Relevant Trauma

Anyone who has been following my Restore Womb Therapy socials will have heard me talk about overcoming trauma.  There is a lack of understanding around what relevant trauma is in context to our cycles, so today I am going to give a little clarity by expanding on this topic (Well that’s the aim, so let me know how I do).

Trauma sounds heavy doesn’t it?! 

the dictionary definition;  “a deeply distressing or disturbing experience”

We tend to categorize trauma as something that must have been catastrophic. Actually, trauma to our body’s is a very common event for most of us. Ever had a bruise appear and you weren’t sure where it came from?   You probably just walked into something like a table leg or kitchen bench, so it wasn’t exactly “traumatising”, your body still experienced the impact though and it showed up as a bruise.  Even when something is seemingly insignificant, our body remembers and responds, but unless we consider something to be “traumatising” we don’t really validate its impact on our body.

This is where we need the clarity around what relevant trauma actually is and how it shows up in our bodies

There are three forms of trauma:

  • Acute
  • Chronic
  • Complex

Chronic and Complex trauma are easier to spot. Abuse, long term illness, war, severe poverty etc 

If, however you have multiple types of acute trauma spread out over the years such as a bad first experience with your period, a nasty colleague, a breakup, argument with a relative, small bingle in a carpark and a few weeks of financial hardship.  It’s hard to see how all these experiences can be impacting something like your menstrual cycle and your fertility. Depending on how you processed those events, it can rewire the way your body now responds to it’s messages.  

Trauma, in essence,  is caused when your nervous system has been activated and your emotional response to it has not been turned off. 

Even when the situations are over, your body is still responding as if it is ongoing and all these things effect how our body and brain converse with each other.  

Ever heard that saying “don’t shoot the messenger”? well, because hormones are messengers, you guessed it, they often get caught in the cross fire.  Our reproductive system (our womb) can not function well without clear hormonal messages. 

Some women will come in for the purpose of overcoming a traumatic event, most come in for a variety of other needs and don’t walk in feeling “traumatised” at all, so they have no idea where to start.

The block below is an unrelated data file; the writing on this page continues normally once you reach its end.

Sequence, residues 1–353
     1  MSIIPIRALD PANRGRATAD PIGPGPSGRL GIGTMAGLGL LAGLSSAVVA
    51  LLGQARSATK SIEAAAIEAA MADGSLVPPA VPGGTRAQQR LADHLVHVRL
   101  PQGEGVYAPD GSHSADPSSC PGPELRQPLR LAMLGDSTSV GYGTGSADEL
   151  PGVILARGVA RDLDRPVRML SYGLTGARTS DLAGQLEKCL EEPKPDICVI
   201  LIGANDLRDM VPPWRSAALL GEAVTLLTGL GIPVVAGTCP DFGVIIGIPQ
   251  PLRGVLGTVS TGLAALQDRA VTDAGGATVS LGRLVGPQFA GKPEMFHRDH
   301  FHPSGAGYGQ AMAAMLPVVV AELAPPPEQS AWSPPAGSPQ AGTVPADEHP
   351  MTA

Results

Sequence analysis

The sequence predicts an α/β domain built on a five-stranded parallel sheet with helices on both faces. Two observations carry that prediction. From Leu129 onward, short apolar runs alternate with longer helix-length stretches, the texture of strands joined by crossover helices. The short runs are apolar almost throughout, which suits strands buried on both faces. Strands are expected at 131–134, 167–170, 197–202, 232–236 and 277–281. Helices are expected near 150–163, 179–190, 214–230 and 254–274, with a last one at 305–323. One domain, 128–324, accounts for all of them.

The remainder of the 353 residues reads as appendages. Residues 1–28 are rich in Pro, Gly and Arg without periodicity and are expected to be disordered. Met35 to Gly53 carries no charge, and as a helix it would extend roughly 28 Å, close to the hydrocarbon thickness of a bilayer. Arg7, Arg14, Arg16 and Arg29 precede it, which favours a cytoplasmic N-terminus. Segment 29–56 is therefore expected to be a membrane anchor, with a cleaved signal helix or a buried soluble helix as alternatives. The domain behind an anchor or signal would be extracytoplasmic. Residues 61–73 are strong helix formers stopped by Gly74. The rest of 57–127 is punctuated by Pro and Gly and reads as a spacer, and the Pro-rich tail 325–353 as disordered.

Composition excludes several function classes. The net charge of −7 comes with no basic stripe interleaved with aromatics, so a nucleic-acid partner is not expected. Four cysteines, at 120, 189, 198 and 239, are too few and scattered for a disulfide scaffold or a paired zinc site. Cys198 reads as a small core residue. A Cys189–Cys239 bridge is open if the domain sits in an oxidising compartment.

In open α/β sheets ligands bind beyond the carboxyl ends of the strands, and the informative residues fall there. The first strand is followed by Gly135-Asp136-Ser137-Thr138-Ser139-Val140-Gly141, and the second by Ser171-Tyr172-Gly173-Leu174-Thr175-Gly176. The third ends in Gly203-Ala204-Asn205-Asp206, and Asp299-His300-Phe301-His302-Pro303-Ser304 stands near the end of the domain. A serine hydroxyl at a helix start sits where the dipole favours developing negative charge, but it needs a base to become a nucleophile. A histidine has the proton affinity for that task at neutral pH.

When I ask clients about any relevant trauma they want to share, very few can think of something straight away. When I ask clients a series of questions about their childhood, relationships, work, parenthood, personality traits etc we suddenly start to notice a pattern – a dot to dot picture let’s say – of events that have occurred in their life that have left lasting impacts on the way they emotionally and physically respond to the world around them.

Lets take a look at nature – like our beautiful coastlines here at Torquay on the Surfcoast and all along the Bellarine Peninsula:  a wonderful insight in to how different systems work perfectly together.

Our ocean tides communicate with the rise and fall of the moons and it’s varying phases. The seas are dictated to by the winds and all its different moods and this makes the seas calm or wild, it can create clean rideable waves or an undulating surface. The water reflects the seasons as they change, warmer in the heat of summer or holding an icy sting once winter sets in.

The ocean never argues with the moon or resists the winds. Even in the coldest parts of the world where there are frozen masses in the water, it still moves and shifts with the moon and wind. It still greets the land that interrupts it. It’s consistent even in different seasons. 

A woman’s body has been created with the same intricate design brief. It’s intelligent, sensitive and flexible. The body becomes chaotic when it argues with the brain.

Mentally you may have moved on from whatever the situation is, be it catastrophic, small or in between.  If however, your body continues to anticipate that threat,  a memory has been stored and it will reactivate that emotional response, cementing it in your system. 

Some of the common ways women respond to trauma externally are:

  • Super scheduling/organising life
  • High intensity exercise every day
  • Boom and bust – they keep going until they can’t go anymore and then fall in a heap (umm, guilty as charged your honour – cue burnout)
  • Continuously studying without a required need for their employment
  • Rigid eating
  • Event junkie – always making sure they have somewhere to go or someone to be with

Enjoying order, exercising, working hard, eating well and going out and about are not bad things to do. In fact, a portion of all these things is necessary for a healthy lifestyle.  It’s all about the balance.  Where is that need/drive coming from – 9/10 times, its a response from an event or moment that implanted a feeling they never wanted to return to and this is how they are managing it. 

Some of the ways our cycle reveals stored trauma are:

  • Painful ovulation
  • PMS
  • Endometriosis
  • Painful intercourse
  • Irregular cycles
  • Sore coccyx
  • Heavy bleeds

When linking habits and symptoms and history, this is your: Relevant trauma.

Good news; even if you have formed a lifetime of habits out of a trauma response, we can rewrite the script, rewire the responses and restore health to your nervous, digestive and your reproductive system.  How clever!

To start understanding  how an optimal cycle needs support, you can subscribe on the side of this page and download my free pdfs “The cycle seasons” and “Masculine and Feminine balance”

For more information, please reach out or book a consultation today.


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